Copper is at the center of the clean energy revolution underway, along with the electrification of transportation. As the conduit for the flow of electrons, analysts estimate that about 70% of copper demand will come from decarbonization initiatives -- the impetus for Goldman Sachs to declare copper as "the new oil."
While governments and industries move toward carbon neutrality by investing heavily in renewable energy, Freeport-McMoRan (FCX) , the world's largest copper miner, is poised to benefit significantly. At around $38, the stock is reasonably priced with a P/E around 12, a strong balance sheet and ample cash flows.
'The New Oil'
The buildout of renewable electricity production and transportation, including solar, wind, hydro, and nuclear, requires vast amounts of copper. The copper that goes into an electric vehicle, estimated at just under 200 pounds, is almost four times as great as a similar legacy internal combustion engine vehicle. Demand for EVs is accelerating across the globe, as is the investment in the supporting infrastructure of power generation, transmission, and energy storage.
As this wave of secular demand continues to progress, the tenuous supply/demand balance of copper will likely continue to support the price. Currently, inventories of copper are at multi-year lows and in some regions multi-decade lows. The outlook for a meaningful increase in copper supply is subdued globally by a dearth of large-scale projects in the pipeline.
China has been a significant driver of the copper demand over the last decade, but decarbonization efforts worldwide have created more balanced growth drivers for the metal. To meet the Paris Climate Accords, signed by 174 nations, demand for copper from the energy sector could rise by 40% over the next two decades, according to the International Energy Agency.
Improved Balance Sheet
Over the last few years, Freeport has made strides in improving its balance sheet and removing operational risks. Since 2015, the company has reduced net debt by $18 billion. Cash on the balance sheet has gone from a precarious $200 million to $7.7 billion currently, and debt has been reduced from over $20 billion to $9.7 billion.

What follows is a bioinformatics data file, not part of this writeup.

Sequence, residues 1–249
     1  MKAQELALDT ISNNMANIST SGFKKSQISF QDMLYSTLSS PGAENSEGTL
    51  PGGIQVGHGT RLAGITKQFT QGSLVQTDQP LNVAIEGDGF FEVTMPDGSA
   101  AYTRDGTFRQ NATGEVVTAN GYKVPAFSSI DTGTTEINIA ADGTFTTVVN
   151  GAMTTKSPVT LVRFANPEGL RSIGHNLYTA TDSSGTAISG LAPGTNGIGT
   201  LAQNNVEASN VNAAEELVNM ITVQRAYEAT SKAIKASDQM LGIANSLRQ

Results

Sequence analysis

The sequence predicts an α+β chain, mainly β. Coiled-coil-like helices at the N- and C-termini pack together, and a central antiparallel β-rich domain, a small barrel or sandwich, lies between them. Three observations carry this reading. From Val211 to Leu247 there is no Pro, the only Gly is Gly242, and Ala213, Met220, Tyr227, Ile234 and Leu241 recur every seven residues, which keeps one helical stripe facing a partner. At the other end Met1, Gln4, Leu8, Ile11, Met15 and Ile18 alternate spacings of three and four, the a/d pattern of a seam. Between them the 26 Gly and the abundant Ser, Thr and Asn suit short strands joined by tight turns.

The over-leveraged Freeport of 2015, which once looked like a candidate for bankruptcy, is now thriving with a strong balance sheet with only $2 billion in net debt and $5 billion in free cash flow in the last year. Freeport has also settled disputed mine ownership with the Indonesian government.
Operationally, Freeport has never been better positioned. After two decades of planning, the company has ramped up underground mining at its Indonesian Grasberg mine, one of the largest known copper deposits in the world. Plus, new low carbon intensity technologies may allow Freeport to recover more low-cost copper from material already mined.
What's Up Doc?
Historically, the price of copper has been viewed as an economic bellwether. Indeed, the metal is known as Doctor Copper due to its ability to take the temperature of the overall economy.
Some domestic demand drivers, like housing and infrastructure, have strong outlooks. The lead article in Barron's this past weekend featured insight into a housing boom potentially stretching to the end of the decade. China's economic strength is a wild card, but as a leader in EVs, investments in renewable energy and electrification infrastructure will likely continue unabated.
The shares of Freeport have recently dropped close to 10% and are almost 20% below the May highs, pulled down in part by some year-end de-risking in markets. The price of copper has held up well, currently around $4.30/pound, up 22% year to date.
Potential for stable to higher copper prices from solid investment demand toward a decarbonized future would be a boon for shareholders. With a 12 P/E and a 10% free cash flow yield, Freeport's stock has plenty of upside potential in years to come.